Postdoctoral Research Fellow, 2016-2017
- DegreePh.D., Classics, University of Southern California, 2015DissertationSymeon and the Making of the Stylite: The Construction of Sanctity in Late Antique SyriaResearch ProjectThe Anatomy of a Cult
Dina Boero holds a BA in Religion from the University of California: San Diego and a MA and PhD in Classics from the University of Southern California. Her research focuses on saints and their cults in the late antique Near East, integrating literary, codicological, and archaeological sources. She has conducted archival research on Syriac manuscripts held in various European and Middle Eastern collections and has participated in archaeological projects in Syria, Turkey, and Greece. As a Visiting Doctoral Fellow in Classical Studies at the University of Waterloo, Dina collaborated on the project, Cross-cultural Integration in the Greek Poetic Tradition, funded by an Early Researcher Award from the Ontario Ministry of Economic Development and Innovation. In fall of 2017, she will take up the post of Assistant Professor of History at The College of New Jersey.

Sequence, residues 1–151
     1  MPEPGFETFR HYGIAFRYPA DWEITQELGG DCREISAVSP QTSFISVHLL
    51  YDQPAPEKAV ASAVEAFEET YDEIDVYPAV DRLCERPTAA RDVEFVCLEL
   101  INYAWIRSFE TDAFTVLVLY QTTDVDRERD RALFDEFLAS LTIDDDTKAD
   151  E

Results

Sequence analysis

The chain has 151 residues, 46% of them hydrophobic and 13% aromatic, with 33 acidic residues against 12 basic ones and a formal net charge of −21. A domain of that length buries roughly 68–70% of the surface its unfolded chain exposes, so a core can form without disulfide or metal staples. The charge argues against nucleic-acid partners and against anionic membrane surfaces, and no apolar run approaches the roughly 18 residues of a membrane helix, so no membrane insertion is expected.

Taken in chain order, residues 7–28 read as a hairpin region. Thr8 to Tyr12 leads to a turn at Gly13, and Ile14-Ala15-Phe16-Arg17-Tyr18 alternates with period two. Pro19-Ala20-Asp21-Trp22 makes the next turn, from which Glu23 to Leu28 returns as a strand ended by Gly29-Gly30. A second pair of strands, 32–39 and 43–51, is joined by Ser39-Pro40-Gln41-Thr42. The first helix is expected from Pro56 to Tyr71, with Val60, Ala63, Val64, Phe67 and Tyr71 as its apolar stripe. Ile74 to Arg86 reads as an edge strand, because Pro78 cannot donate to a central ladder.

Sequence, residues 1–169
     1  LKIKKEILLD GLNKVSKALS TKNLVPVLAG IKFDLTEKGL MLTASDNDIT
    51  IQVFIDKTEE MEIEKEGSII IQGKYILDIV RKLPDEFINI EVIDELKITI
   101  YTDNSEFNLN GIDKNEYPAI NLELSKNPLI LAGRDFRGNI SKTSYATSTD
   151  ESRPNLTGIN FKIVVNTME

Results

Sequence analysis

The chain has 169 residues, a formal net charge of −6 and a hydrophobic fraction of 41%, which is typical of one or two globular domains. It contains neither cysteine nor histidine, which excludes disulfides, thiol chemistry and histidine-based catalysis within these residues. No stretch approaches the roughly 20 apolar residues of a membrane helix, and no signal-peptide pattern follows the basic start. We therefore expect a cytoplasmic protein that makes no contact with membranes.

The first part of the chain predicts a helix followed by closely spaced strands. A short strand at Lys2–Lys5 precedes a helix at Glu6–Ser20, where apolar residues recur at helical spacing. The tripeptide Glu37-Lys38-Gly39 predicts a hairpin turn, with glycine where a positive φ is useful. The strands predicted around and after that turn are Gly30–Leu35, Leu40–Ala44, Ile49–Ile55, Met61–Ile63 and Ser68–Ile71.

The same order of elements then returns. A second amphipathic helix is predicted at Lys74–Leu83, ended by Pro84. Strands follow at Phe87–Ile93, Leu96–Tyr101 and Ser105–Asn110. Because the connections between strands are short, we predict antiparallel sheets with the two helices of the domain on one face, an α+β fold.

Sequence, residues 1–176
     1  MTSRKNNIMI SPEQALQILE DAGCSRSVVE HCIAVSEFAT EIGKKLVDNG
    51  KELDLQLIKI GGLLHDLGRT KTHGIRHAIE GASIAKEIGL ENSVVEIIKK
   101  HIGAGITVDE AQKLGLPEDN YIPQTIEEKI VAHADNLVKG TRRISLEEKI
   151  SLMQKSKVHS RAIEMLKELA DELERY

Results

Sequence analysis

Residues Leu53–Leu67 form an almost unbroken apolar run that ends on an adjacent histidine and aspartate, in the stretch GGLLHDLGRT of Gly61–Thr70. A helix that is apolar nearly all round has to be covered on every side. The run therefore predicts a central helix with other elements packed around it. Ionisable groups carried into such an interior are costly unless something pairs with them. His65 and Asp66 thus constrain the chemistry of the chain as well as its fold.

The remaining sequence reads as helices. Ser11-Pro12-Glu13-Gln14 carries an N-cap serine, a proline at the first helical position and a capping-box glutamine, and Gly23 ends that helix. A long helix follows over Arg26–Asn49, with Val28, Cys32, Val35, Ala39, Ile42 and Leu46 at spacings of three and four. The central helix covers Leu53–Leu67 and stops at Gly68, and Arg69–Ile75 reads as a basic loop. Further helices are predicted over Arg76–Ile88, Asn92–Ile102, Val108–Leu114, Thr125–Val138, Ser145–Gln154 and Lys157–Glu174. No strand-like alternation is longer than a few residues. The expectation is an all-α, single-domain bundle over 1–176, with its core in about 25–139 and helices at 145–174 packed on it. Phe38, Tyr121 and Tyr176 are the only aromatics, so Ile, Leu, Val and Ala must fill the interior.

About the Research Project
The Anatomy of a Cult
My project traces the development of Symeon the Stylite the Elder’s (d. 459) cult in the fifth and sixth centuries. Famous for living on top of a column in Syria for forty years, Symeon drew devotees from across the Mediterranean world and the Middle East. Scholars have long addressed the role of saints in late ancient and medieval society. However, the social process through which Symeon's sanctity was constructed has been poorly understood on account of the contemporary division of disciplines. Through integrating archaeological evidence, the Greek literary tradition, and newly discovered Syriac texts and manuscripts, I show how individuals and communities controlled the process of making a saint by orchestrating devotion and creating representations of the saint. This project is the first to focus on Symeon’s cult-makers and the process of cult-making, rather than on Symeon himself. By identifying the various transformations of veneration to Symeon, this project illuminates the workings of a saint’s cult at the earliest stage of its existence and takes a step towards clarifying the origins of Syrian monasticism.